High ROI Public Relations – Alive And Well

public relations marketing strategiesBy now, the predictions for 2010 have faded into the background and, for many, so have those business and personal New Years resolutions and top 10 lists.

So now that February is upon us and new products and technologies are on the horizon, here is a brief synopsis of things to do and avoid that will leverage your PR efforts.   These tips were created with the goal of a high ROI program that will support the sales process and the effectiveness of your company’s overall marketing efforts.

To do:

  • Subscribe, read newsletters and contribute to the top outlets that impact your business.   Even if they are niche.   Have a voice with a clear, concise point of view. More specifically, demonstrate how you are the expert with the relevant, real-life technology, business and customer experiences.
  • Recognize that PR is a verb not a noun. The days of the lawyer-scrubbed and -approved press release as a primary communication mechanism is obsolete. Beyond that, it is a true dialog.   Be conversational in tone and content.
  • Follow your customers and your customers’ customers, including events they attend, speeches they give, earnings calls, etc.   Keep at the pulse of what your customers are doing and how they will evolve to remain competitive. Leverage this knowledge in all of your outbound communications.
  • SEO: Link all of your communications – Web, Twitter, LinkedIn, etc.  If you are a panel participant, provide the link, audio file and slides via your Web site and Twitter.   Push content out, change your auto-reply signature to include links, refresh your Web site bios to include links to what you and your company say.   This is a topic a lot of people talk about but few actually do.   Want proof?   Go to your company’s own Web site and under the executive bios tab, see how many of those pages include live links to Facebook, LinkedIn, Twitter and the like.
  • Community: You employ talented people in a strategic location.   Give back, no matter the scope or scale.   Get creative.   If you are a small company, invite other companies your size or within a few miles to join forces with you.   Don’t get caught up in getting “credit” – Do the right thing; the benefits to your community and employees will resonate.

To avoid:

  • Avoid participating in venues that are too big for the size of your company and/or resources that enable you to be successful.   The phrase go big or go home applies. Go big could be a major speaking event (even if you don’t have a booth).   No matter where you go, have a presence that is memorable to a majority of the attendees.
  • Avoid becoming more concerned with responding to competitive claims than keeping ahead of the competitor in the first place.   In most cases responding is vital, but be cautious about being more consumed by your competitors than you are with the success of your own business and valued customers.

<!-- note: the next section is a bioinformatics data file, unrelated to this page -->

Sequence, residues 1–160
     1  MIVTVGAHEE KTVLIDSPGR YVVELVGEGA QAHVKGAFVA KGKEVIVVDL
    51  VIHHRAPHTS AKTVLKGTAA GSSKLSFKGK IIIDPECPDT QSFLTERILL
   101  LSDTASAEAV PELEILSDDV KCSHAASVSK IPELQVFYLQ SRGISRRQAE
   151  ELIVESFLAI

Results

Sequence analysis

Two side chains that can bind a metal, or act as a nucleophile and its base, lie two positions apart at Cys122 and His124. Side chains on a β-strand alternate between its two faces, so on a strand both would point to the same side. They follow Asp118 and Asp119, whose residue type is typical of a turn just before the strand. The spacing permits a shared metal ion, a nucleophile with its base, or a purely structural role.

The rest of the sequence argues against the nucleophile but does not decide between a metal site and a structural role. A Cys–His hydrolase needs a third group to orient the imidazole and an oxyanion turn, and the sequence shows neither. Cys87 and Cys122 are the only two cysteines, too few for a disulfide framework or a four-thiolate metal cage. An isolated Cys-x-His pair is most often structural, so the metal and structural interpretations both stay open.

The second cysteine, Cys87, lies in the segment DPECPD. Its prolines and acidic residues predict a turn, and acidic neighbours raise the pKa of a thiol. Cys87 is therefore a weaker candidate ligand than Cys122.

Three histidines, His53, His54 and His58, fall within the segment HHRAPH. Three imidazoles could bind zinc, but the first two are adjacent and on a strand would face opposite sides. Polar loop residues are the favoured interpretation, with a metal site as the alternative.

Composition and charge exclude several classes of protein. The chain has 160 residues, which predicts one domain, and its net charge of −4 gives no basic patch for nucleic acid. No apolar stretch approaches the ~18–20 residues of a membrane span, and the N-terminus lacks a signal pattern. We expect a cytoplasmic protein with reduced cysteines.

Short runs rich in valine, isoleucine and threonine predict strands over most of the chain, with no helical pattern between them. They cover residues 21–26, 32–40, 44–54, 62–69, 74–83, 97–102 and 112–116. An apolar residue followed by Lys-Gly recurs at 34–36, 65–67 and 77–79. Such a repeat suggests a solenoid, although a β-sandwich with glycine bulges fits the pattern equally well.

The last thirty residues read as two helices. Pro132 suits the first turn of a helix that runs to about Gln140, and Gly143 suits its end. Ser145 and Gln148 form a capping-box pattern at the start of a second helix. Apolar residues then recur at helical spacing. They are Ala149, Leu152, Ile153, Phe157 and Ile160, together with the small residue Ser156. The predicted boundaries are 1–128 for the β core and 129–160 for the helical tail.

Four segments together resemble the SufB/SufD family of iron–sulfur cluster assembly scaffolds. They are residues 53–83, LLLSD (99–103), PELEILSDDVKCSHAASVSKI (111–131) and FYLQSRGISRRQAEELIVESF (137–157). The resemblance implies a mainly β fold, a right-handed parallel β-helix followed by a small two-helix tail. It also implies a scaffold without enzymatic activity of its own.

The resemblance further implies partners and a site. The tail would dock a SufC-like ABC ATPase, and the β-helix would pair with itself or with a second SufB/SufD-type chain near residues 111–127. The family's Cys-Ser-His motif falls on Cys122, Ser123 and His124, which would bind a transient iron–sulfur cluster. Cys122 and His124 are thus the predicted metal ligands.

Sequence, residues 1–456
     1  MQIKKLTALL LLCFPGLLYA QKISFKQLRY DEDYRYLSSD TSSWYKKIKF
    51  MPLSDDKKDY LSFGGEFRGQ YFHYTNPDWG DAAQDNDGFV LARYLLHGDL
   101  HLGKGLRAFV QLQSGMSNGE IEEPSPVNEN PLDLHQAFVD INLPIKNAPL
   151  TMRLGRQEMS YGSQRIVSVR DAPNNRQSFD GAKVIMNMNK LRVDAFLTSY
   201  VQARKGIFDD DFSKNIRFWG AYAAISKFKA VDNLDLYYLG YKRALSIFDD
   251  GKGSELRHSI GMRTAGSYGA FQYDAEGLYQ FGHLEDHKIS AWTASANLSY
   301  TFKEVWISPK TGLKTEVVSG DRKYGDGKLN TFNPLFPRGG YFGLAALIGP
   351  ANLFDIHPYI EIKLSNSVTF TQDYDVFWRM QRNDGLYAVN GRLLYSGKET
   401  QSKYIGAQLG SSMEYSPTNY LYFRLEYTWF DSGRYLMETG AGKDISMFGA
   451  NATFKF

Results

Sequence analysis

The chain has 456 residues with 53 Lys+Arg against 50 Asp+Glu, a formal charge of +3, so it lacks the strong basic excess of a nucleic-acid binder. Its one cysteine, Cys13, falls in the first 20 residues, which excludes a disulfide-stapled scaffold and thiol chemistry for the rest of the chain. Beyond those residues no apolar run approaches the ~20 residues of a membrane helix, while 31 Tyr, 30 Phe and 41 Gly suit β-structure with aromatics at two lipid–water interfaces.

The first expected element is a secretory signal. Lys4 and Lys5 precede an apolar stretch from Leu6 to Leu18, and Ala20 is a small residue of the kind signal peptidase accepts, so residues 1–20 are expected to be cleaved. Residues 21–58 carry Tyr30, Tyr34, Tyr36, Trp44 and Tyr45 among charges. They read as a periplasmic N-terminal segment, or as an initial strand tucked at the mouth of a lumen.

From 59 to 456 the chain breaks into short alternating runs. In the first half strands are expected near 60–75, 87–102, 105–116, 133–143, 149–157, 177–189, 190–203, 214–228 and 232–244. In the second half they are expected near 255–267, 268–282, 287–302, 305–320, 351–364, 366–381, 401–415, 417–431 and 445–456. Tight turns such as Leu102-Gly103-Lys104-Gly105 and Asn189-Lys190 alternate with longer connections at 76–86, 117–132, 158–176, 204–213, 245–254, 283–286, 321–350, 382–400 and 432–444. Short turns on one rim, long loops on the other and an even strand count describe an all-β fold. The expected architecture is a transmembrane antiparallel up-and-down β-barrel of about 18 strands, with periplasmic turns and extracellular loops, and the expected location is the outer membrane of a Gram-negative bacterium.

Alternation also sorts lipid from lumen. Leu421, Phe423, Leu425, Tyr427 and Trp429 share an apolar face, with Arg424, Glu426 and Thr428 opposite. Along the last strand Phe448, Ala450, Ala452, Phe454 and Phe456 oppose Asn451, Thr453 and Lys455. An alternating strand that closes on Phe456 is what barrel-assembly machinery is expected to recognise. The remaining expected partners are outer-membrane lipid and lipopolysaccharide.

• Stay away from trying to do too much with too little.   Historic thinking indicates that with fewer publications, the PR universe is getting smaller.   This is not true.   There are more influencers than ever and they may or may not be with “traditional” publishers or analyst firms.   Find out who they are and if/where they are syndicated. In most cases, there are about 10 key media outlets or individuals that truly understand and influence your market and are on the top of your customers’ must-read list. Focus, focus, focus.
  • Avoid being in the weeds when the real issue is much bigger.    For example, are you focused more on a specific competitor when in fact you should be having a high-level voice in patent reform?   How secure is your supply chain and what are you doing (and saying) to be sure you can deliver to your customers?   Avoiding the minutia will greatly help you up-level your message.
  • And of course, while it may sound pedestrian, at all costs avoid anything cut and pasted.   Everything MUST be customized, specific, targeted and relevant to the audience.   Generic pitches remain one of the biggest complaints by editors across the entire spectrum of outlets, including major daily newspapers.

Comments?   Questions? I’d love to hear from you.

About The Guest Author: Marla Kertzman, vice president of The Hoffman Agency, has more than 20 years’ communications experience in corporate and agency environments, including startup, pre-IPO and Fortune 500 companies. She provides practical and aggressive hands-on expertise in day-to-day strategic and tactical PR program execution. Marla’s focus is on great client service, bringing a unique perspective, coupled with drive, passion and an understanding of the technology ecosystem.

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